Monday night, September 13, Omar Rodriguez Lopez and his group comprised of Juan Aldrete De La Peña (bass), Deantoni Parks (drums), Marcel Rodriguez Lopez (keys), Lars Stalfors (laptop)and Ximena Sariñana Rivera (vocals), played a far out set at the Great American Music Hall in San Francisco. I almost didn’t go. Irrational fears of dying in a firey car wreck, caused by an inability to see clearly at night, had me hesitating but I told myself to take heart and get in the car otherwise miss out on what was sure to be a monumental experience. I drove the hour and a half to Frisco listening to my new favorite band, San Francisco natives, Fops, without incident. I barely hit any traffic and even found free parking around the corner from the venue! The stars were surely aligned.
The show opened with the Mexican “garage rock” band, Le Butcherettes, playing a whip lash inducing set of songs from their first album, Kiss & Kill, and from the forthcoming effort, produced by Rodriguez Lopez, Sin Sin Sin. Interestingly the crowd seemed to know every song, including those on the as yet unreleased album, word for word. I thought this was curious. Either the crowd was filled with music critics who obtained promo copies or it’s been pirated already. A musician friend commented to me recently that there truly was no hope to make money from selling records these days due to pirating and it looks like he is correct! Little matter, the sing alongs made the experience that much more enjoyable.
And while allusions to PJ Harvey are obvious (and accurate), one thing Harvey lacks, Gender Bender (who is all girl, to be sure) has in spades: a sense of humor. A fan called out, “I love you Teri!” and without hesitation her dead pan reply, “I like you for who you are.” That made a few of us chuckle. During the last few songs of their set she kicked off her heels and walked through the crowd saying hello to random people. Before climbing back on stage she stopped to tell the tiny hipster Chicanas standing beside me that they were gorgeous and she loved their hair. She said it in a matter of fact tone that seemed like she was joking but wasn’t.
In the beginning I was skeptical about this band. I didn’t want to like it at all, especially because of the pseudo feminist allusions and pretense towards “performance art” but after reading a few interviews in which Teri explained her ideas, and the fact she is only 21 years old, made me go back to reevaluate her songs through a less bitchy lens. Feminism is no easy mantle to adopt, even less so if you’re Latina. Given that she has a sense of cultural/ political history, intellectual curiosity and a willingness to challenge her own self-perceptions (I got all of this out of one interview!) I thought she deserved a second chance. Since then my own freebie promo copy of that aforementioned unreleased album has been in heavy rotation in my iTunes.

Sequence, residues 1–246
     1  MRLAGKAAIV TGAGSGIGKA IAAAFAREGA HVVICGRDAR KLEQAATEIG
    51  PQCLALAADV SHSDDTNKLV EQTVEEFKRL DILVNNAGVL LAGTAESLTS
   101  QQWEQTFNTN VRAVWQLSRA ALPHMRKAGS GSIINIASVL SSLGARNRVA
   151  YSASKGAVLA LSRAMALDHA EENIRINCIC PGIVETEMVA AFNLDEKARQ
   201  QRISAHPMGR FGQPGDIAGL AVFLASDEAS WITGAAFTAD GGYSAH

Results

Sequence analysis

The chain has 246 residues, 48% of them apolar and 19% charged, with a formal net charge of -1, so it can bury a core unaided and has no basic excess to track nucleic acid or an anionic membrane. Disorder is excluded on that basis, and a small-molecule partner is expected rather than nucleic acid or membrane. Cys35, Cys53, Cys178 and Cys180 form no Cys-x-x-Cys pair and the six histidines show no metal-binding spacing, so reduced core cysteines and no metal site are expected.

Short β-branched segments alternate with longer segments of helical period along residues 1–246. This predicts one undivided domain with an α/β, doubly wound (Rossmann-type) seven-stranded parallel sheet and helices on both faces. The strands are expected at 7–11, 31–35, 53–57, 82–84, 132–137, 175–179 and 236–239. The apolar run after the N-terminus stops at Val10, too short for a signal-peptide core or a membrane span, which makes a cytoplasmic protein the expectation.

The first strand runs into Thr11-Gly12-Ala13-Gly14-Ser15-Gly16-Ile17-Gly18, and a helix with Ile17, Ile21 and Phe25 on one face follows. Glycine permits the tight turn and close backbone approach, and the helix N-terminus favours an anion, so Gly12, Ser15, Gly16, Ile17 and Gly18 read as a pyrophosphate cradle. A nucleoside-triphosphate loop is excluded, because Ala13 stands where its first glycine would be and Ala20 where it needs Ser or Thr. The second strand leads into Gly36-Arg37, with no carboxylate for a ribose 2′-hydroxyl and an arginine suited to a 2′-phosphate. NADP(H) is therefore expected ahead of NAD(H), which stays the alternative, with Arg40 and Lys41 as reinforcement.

It’s really good once you get past the third wave feminist rhetoric and PJ Harvey comparisons.
The Omar Rodriguez Lopez Group blew me away. Well at least the first few songs in which Deantoni Parks smoothed out the space jams. He truly was the star of the night. There was even a contingent of people standing around me who seemed to come to the show solely to see him play! Not surprisingly an extended discussion as to who was the best Mars Volta drummer took place while the roadies (which seemed to include Marfred Rodriguez Lopez of Zechs Marquise) set up the equipment and did a mini soundcheck. That debate was bound to happen as Parks’ drum kit was upfront and center on the almost floor level stage. I had a sweet spot one person back and to the right. POWER. Amazing in every way. Far the fuck out. I don’t have words that can adequately, or accurately, describe those first few songs which were untitled and, evidently, unpracticed. Omar revealed that they were essentially testing them out on a live audience. Test away!
The rapture was broken when he invited a young girl who looked to be about 12 years old onstage. I don’t know anything about Ximena Sariñana Rivera. And up until that moment I had never heard of her, nor heard her music, which has been nominated for a Grammy (not a favorable factor in my opinion). I was disenchanted but hung on hoping somehow her airy vocals would reveal a maturity or poise or even in some way compliment the music being played but it never happened. At times she danced around limply and or seemed to stare off into space looking a bit unsure as to what to do with her limbs. I remember being an awkward young girl so I cringed in sympathy. However the musicians returned to their exquisitely experimental jamming when she left the stage. But then Omar invited her back for a few more songs. At that point I had heard my fill and was content and unafraid to make the drive back. Totally worth the night driving terror.
NOTE: Pridgen=2, Theodore=12, Parks=Everybody else in the venue.0